Surgery within 12 weeks of injury helps reduce meniscal tears
“We found a strong association between the time from injury to surgery (TFI) of the anterior cruciate ligament (ACL) and the incidence, complexity, and reparability of meniscus tears,” said Kevin Willits, MD, of London, Ontario, Canada. “Based on the results of our study, ACL reconstruction should optimally be performed within 12 weeks of the injury to minimize the risk of irreparable meniscus pathology and to improve patient prognosis.”
Dr. Willits presented his findings at the 75th Annual Meeting of the American Academy of Orthopaedic Surgeons in San Francisco.
Healthcare systems impact surgical wait times
This 2-year, international retrospective study was conducted at two sports medicine facilities with similar patient demographics and practices but with different healthcare systems.
Kevin Willits, MD
The study included 317 patients with a well-established date of injury—156 at center A (89 males, 67 females; median age at injury: 22.8 years) and 161 at center B (85 males, 76 females; median age at injury: 21.9 years).
Patients with a combined ACL/medial collateral ligament (MCL) tear were included in the study as long as the MCL tear was a grade two or less. Those with multi-ligament injury, incomplete records, or a prior surgical procedure were excluded.
Patients at center A waited a median of 39.9 weeks for surgery, while the median TFI at center B was just 4.4 weeks. The wide variance in TFI between centers A and B can be largely attributed to the difference in healthcare systems between Canada and the United States.
Nearly 9 out of 10 patients at center A waited longer than 12 weeks for surgery; nearly three out of four waited longer than 6 months. At center B, only 15 percent of patients waited longer than 12 weeks, and only one in nine waited more than 6 months.
Patients underwent arthroscopic ACL reconstruction using a hamstrings or quad tendon autograft.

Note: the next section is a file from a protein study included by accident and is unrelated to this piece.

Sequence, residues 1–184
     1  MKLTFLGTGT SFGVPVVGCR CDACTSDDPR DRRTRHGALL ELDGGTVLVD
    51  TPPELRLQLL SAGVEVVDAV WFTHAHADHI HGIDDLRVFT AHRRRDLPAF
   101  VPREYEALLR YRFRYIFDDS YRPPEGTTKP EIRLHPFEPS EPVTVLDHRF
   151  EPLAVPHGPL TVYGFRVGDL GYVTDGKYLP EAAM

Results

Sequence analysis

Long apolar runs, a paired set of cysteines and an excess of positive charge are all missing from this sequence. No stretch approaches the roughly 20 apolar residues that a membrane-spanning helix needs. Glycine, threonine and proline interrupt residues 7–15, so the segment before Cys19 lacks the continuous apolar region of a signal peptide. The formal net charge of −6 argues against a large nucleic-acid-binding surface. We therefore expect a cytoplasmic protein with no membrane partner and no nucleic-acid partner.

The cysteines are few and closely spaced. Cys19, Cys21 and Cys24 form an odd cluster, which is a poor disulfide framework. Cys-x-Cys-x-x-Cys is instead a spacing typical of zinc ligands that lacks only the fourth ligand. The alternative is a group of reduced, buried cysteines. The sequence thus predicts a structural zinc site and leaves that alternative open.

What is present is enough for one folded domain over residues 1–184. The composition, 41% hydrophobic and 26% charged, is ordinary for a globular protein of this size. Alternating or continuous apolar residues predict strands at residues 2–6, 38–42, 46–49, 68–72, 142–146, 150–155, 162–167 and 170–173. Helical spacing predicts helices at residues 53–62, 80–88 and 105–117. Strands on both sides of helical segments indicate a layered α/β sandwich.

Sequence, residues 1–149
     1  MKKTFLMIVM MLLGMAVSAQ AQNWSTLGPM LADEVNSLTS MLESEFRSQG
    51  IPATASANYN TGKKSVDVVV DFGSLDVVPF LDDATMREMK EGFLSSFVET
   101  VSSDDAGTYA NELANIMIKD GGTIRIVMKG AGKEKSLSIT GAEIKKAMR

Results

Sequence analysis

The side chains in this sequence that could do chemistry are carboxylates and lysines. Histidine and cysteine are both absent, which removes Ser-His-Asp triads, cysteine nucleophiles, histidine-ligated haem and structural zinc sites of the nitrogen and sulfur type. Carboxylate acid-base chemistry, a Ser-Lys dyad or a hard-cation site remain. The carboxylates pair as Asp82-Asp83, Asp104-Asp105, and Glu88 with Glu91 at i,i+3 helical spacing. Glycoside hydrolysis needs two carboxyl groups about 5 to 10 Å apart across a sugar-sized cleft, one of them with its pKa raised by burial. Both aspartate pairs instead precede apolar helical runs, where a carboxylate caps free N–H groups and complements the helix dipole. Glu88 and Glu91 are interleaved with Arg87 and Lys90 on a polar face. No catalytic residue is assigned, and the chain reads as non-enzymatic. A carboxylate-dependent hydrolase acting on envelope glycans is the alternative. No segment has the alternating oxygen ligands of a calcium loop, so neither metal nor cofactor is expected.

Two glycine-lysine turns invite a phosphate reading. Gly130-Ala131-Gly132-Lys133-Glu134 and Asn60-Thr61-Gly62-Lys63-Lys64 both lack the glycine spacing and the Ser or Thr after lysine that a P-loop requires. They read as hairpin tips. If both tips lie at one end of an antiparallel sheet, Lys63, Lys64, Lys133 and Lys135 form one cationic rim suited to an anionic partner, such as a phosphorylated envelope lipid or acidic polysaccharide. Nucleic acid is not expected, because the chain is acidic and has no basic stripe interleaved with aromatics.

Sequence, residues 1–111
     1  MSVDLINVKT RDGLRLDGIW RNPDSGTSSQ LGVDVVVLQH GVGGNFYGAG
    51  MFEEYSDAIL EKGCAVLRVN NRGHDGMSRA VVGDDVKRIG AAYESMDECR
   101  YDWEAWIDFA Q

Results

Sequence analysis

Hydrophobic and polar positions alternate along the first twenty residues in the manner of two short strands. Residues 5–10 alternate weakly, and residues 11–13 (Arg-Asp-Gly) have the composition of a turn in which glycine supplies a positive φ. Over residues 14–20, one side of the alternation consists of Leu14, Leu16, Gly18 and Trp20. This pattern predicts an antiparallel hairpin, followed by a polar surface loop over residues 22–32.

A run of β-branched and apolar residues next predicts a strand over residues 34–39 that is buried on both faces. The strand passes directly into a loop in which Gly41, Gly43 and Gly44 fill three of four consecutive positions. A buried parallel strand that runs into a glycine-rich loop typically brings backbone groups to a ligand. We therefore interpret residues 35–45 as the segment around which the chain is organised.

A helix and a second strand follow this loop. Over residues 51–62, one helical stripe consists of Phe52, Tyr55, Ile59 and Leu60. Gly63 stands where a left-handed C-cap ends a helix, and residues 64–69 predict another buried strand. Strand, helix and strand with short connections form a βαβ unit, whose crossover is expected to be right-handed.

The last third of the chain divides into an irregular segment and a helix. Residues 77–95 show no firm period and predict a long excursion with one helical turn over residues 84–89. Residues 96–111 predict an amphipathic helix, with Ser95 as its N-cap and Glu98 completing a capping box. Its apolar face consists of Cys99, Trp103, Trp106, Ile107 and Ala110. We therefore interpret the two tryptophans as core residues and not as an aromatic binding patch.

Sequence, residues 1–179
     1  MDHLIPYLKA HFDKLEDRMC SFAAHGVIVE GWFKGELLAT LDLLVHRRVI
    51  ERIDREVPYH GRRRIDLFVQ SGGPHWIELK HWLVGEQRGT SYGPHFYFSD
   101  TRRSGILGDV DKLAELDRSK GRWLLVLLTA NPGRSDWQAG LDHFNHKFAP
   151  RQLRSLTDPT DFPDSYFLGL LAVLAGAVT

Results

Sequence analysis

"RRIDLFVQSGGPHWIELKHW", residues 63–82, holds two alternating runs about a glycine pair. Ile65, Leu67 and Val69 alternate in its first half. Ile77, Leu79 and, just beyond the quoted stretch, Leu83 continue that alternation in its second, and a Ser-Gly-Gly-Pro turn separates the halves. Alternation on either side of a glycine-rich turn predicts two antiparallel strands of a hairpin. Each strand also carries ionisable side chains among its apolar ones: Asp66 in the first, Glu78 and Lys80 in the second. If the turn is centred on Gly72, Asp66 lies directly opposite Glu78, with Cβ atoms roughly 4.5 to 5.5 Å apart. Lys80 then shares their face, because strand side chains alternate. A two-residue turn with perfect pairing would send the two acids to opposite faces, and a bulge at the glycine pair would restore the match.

TFI impacts reparability of meniscal tears
“We found that patients at center B were nearly twice as likely to have reparable meniscus pathology as those at center A,” said Dr. Willits.
Of all patients in the study, 236 (74 percent) had at least one meniscal tear when ACL reconstruction was performed. Tear types included longitudinal split (46 percent), complex/degenerative (20 percent), and displaced bucket handle (15 percent).
Dr. Willits and his team “noticed a progressive increase in the incidence and complexity of meniscal tears as TFI became greater.” In fact, the incidence of bucket handle tears increased from 14 percent (TFI of 6 to 26 weeks) to 20 percent (TFI greater than 26 weeks).
Patients with a TFI greater than 26 weeks had 11 percent more complex/degenerative tears than those with a TFI of 6 to 26 weeks. These types of tears are generally more difficult to repair as they often occur in an avascular region of the menisci.
If ACL reconstruction was performed within 26 weeks of the injury, the patient was 2.3 times more likely to have reparable medial meniscus pathology. Surgery done within 12 weeks increased reparability to 3.5 times. Lateral meniscus tears followed this same trend.
Twelve weeks is optimal
“The timing of the surgery is critical,” said Dr. Willits. “Our study demonstrated that 12 weeks is the optimal time for ACL reconstruction and the most important predictor of whether the meniscus is going to be repairable or not.
“If you rush into surgery too quickly, before patients get their motion back in the knee and swelling is reduced, a stiff knee may result,” he cautioned. Lateral tears were also found more often in patients who had ACL reconstruction within 6 weeks of injury.
Based on the findings of his study, Dr. Willits outlined the “optimal” conditions for ACL reconstruction. “After a full evaluation by an orthopaedic surgeon and a diagnosis is made, the patient is sent to rehabilitation to reduce swelling and restore motion in the knee. The ACL reconstruction would be performed at or about 12 weeks—before the patient has an opportunity to return to sport or to further damage the knee prior to surgical stabilization. That is the ‘window of opportunity’ for ACL repair.”
Co-authors for “The effect of surgical timing on the incidence of repairable meniscus pathology during anterior cruciate ligament reconstruction” are Jay Akindolire, MSc; Robert Shelton, MD; Alexandra Kirkley, MD; Robert Giffin, MD; Robert B. Litchfield, MD, and Peter J. Fowler, MD. Disclosure information on the presenters can be found online at www.aaos.org/disclosure
Annie Hayashi is the senior science writer for AAOS Now. She can be reached at firstname.lastname@example.org